forgive my geography, it’s true i’m obsessed
with maps. with flags. a Starbucks on the block
means migration. any restaurant with bulletproof glass
is a homecoming. underneath my gym shoes
is a trail of salt. that last sentence is a test.
does the poet mean:
(d) this is the wrong question
(e) all of the above
i’m always out south
of somewhere. i know the sun rises
in Lake Michigan and sets out west.
i got primos i’ve never met. there’s a word
for that. (where did they go?) all the steel mills shuttering up
like conquered forts. one day, there will be an urban tour
through South Chicago. picture the soy cappuccino-
sipping cool kids wearing Chicago Over Everything-
branded hoodies taking selfies in front of machines
that once breathed fire. pretending the bones
are the real thing.
I’m immediately interested in any piece of media about Chicago, and I usually enjoy it. That is true for this poem, which really spoke to me.
I have a strong love and pride for Chicago, and so does my family, especially on my mother’s side. Both my mother and her parents were born and raised there. My grandfather’s father built railroad tracks all around the Midwest, but especially in Chicago. My grandfather likes to talk about how his aunt married Al Capone. I didn’t believe it at first, but if you Google what Al Capone’s wife’s maiden name is, it will show that her maiden name is Coughlin. Coughlin is my grandfather’s last name, my mother’s, and also mine. Apparently, there’s a photo somewhere of my grandfather and Al Capone, although it’s probably buried in the depths of my family’s photo books. Basically, I have a lot of connections to Chicago, especially because I’ve lived here my whole life.
The part of the poem, “underneath my gym shoes/is a trail of salt. that sentence is a test./does the poet mean:/(a) grief/(b) winter/(c) diaspora/(d) this is the wrong question/(e) all of the above,” is something that I feel carries a lot of meaning. In winter in Chicago, people sprinkle salt everywhere on the sidewalks to get rid of the ice. I’m sure that this is a common thing that’s done everywhere that it snows, but I’ve noticed that Chicagoans in particular put down a lot of salt.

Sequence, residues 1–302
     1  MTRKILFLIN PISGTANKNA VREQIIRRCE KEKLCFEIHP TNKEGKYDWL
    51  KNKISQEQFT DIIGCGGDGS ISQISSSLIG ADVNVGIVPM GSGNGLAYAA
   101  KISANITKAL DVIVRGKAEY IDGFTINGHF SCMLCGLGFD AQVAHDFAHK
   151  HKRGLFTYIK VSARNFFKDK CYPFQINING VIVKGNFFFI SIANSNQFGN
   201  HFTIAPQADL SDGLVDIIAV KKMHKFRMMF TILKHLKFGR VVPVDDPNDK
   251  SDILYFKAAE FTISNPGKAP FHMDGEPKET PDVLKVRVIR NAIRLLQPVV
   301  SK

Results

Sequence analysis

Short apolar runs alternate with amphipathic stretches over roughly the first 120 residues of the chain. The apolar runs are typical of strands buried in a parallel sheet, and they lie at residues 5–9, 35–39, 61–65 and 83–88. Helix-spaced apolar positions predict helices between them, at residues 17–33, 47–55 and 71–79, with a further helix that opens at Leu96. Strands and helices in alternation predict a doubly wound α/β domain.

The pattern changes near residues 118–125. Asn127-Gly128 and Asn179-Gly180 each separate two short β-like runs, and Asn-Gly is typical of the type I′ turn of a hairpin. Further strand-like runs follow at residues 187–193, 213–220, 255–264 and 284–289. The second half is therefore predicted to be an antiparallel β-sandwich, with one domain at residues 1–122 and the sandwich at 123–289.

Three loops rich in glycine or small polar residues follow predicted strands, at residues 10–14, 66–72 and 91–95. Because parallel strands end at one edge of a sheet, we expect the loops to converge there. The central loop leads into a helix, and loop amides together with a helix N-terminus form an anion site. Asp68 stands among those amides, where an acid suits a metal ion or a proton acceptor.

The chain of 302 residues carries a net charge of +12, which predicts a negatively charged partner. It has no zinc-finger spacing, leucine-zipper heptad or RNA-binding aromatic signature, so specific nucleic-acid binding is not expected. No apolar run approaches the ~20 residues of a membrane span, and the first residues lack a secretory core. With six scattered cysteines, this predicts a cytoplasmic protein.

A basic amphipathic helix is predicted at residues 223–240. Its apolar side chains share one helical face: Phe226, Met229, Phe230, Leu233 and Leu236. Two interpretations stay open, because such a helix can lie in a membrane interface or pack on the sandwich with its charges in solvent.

Another part of this that’s very Chicago is “diaspora”. The meaning of diaspora is the spreading of people from their original homeland. There’s a lot of immigrants in Chicago, and there always have been. Chicago is a mixing pot of all sorts of people, cultures and backgrounds, and that’s part of what makes Chicago so amazing and unique. Although my mother’s side of the family has been here for several generations, we were originally from Ireland on my grandfather’s side, and Italy on my grandmother’s side. Their roots to their home countries and their roots to Chicago are extremely strong and interwoven. That was decades ago, and although where people are immigrating from has mainly changed, people having strong roots to both another country and Chicago is still very common.
This poem is also talking about gentrification in Chicago. The lines, “one day, there will be an urban tour/through South Chicago. picture the soy cappuccino-/sipping cool kids wearing Chicago Over Everything-/branded hoodies taking selfies in front of machines/that once breathed fire.” especially speak to this. Many parts of Chicago, and especially the south side, have been increasingly gentrified, driving many people (usually Black and Latino) out of their homes. Here, the narrator of the poem speaks about the south side as if they were talking about downtown, with a tour, soy cappuccinos and expensive Chicago merch. That’s not something that happens much in a regular, non gentrified neighborhood.
The fire that once came out of the machines in the poem is a metaphor for the people, the life and the soul that lives in Chicago. Many times, gentrification drives away the people that bring the soul to Chicago.
Overall, I find this poem to be an emotional description of different parts of Chicago that touches on important subjects that my city deals with